2. Is a regional strategy an opportunity for university leaders to bolster:-
    • their position, and co-discover and co-create value beyond the accepted parameters of a university; as well as
    • capitalising on the benefits around them in their own regions with a focus on deriving local value.
  3. Do the ‘regions’, where universities are in situ, see universities as central or at least, relevant to their development strategies?
  4. Do industry and business leaders/managers in the public and private sectors in the regions see their university as a regional asset? If not, why not? Is it because, with some exceptions, research and knowledge development activities by universities in their regions are not central or worse, detached from regional development objectives, driven by the pursuit of peer-reviewed academic outputs?
  5. Does the teaching and learning of universities in the region reflect regional priorities, their industrial ambitions for the region, etc.? Regions depend on their local economies and businesses for continual growth and skills development. Often this is in decline due to lack of critical mass.


  1. Have universities invested in ‘boundary spanning’ skills for its regional campuses?
    • Lack of valuable ‘spanning’ regional boundaries means that businesses find it difficult if not impossible to 'lean-in" to universities and by the same token, universities “to reach out” to them.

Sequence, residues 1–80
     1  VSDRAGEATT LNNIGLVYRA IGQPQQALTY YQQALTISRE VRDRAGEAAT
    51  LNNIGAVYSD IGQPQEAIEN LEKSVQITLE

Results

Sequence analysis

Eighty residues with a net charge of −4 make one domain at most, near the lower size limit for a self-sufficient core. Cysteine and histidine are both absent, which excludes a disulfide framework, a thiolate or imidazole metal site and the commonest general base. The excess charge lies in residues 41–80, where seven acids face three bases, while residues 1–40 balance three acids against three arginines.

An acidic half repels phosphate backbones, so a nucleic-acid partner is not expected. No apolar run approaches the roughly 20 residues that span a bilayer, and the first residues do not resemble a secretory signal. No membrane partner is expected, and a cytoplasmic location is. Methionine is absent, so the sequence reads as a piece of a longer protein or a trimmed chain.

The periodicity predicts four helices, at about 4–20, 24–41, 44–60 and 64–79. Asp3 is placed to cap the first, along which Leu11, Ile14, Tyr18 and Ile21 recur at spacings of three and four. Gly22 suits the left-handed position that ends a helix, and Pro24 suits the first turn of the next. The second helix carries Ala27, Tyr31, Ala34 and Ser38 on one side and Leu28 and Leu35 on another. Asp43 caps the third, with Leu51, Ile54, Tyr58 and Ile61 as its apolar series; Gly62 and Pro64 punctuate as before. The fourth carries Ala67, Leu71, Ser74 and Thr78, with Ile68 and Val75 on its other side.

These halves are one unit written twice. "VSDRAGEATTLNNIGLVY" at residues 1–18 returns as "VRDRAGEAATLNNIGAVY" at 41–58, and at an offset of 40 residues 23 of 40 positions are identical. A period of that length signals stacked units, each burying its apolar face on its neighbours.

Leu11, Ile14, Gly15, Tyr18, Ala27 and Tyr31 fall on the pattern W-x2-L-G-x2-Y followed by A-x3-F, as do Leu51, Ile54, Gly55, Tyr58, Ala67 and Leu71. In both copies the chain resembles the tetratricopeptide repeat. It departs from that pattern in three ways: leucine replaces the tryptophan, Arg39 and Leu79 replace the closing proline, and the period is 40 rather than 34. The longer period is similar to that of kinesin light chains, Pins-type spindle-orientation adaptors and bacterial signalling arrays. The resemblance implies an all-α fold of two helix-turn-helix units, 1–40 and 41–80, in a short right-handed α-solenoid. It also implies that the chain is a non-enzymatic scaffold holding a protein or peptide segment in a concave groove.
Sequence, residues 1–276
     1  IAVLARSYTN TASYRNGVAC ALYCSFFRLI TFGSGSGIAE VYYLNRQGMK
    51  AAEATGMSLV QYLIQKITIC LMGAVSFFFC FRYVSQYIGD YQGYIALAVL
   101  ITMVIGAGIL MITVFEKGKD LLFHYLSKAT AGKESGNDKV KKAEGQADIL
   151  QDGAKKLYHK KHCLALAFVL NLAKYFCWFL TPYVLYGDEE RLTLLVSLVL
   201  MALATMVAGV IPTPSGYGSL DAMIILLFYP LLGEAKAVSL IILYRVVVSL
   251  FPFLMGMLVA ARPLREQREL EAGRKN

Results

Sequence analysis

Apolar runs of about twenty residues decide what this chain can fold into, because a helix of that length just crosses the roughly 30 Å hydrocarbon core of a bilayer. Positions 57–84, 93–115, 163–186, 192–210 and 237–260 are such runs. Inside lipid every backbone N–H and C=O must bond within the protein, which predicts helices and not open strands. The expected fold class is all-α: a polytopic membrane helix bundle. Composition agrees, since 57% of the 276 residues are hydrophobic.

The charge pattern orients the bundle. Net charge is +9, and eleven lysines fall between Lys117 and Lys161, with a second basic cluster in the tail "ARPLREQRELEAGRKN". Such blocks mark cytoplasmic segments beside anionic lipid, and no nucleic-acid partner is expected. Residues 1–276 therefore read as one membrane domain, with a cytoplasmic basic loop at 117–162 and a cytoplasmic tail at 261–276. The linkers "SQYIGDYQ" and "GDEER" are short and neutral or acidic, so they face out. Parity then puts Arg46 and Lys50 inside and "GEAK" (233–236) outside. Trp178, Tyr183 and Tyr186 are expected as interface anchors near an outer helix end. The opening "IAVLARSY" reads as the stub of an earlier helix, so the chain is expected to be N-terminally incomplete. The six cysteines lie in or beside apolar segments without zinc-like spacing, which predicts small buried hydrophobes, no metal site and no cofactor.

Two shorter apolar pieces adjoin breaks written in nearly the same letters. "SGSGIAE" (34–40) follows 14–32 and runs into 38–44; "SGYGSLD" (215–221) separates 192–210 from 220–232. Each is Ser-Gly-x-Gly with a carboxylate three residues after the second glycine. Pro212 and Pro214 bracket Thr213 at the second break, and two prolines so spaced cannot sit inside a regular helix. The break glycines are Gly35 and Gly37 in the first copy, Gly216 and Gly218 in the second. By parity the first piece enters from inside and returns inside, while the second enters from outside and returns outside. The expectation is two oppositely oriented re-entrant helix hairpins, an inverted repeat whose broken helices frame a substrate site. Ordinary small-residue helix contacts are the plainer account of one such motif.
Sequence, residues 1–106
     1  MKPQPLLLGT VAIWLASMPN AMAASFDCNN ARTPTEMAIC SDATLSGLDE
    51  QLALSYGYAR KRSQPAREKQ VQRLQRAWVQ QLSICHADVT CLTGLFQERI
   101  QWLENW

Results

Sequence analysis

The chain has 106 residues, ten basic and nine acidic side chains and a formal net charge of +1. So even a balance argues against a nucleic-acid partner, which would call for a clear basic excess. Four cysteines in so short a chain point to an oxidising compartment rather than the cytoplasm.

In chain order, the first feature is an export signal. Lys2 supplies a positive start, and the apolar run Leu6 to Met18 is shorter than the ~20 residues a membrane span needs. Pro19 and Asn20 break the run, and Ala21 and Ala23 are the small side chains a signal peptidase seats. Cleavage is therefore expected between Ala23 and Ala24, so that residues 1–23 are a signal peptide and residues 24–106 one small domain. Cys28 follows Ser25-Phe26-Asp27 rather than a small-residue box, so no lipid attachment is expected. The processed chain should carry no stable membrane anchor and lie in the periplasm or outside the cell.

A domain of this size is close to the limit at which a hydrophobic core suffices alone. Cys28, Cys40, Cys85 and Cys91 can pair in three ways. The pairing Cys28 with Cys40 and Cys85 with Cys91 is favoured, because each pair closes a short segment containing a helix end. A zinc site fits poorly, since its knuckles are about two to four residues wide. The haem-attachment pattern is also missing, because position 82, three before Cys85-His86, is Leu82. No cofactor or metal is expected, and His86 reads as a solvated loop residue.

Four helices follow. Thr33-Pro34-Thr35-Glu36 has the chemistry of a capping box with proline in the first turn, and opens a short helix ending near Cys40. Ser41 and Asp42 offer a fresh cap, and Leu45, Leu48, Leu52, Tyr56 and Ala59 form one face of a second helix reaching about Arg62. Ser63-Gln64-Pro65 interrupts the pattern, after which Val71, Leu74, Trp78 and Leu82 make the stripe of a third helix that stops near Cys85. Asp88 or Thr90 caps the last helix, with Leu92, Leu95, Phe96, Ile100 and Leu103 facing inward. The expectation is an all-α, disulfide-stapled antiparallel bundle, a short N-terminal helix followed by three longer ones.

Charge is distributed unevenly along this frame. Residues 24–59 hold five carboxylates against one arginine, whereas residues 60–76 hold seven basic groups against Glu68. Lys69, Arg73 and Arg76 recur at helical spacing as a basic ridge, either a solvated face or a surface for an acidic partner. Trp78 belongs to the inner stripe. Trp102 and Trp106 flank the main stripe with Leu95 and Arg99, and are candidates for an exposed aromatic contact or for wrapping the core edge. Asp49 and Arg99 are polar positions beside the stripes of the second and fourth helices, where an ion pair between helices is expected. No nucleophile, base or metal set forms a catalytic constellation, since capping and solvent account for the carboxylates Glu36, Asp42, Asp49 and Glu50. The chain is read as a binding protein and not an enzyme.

2. Have universities provided suitable regional leadership and where they have, endorsed leaders to drive change?
    • This type of leadership is necessary as there is limited capacity within local businesses; lack of process to aggregate demand; lack of consensus on what the issues are and how to overcome them. There needs to be an active attempt to a shift from ‘transactional’ to ‘transformational’ programs, interventions and partnerships.


  1. Do universities concentrate their research in areas where research grants are easier to gain rather than in their regional priorities? If so, what can be done to capture this research potential?
    • There is a lack of capital for businesses to invest in R&D activities; short term funding cycles or no funding limits a university’s capacity to invest in ‘translational’ research in most disciplines other than health and science.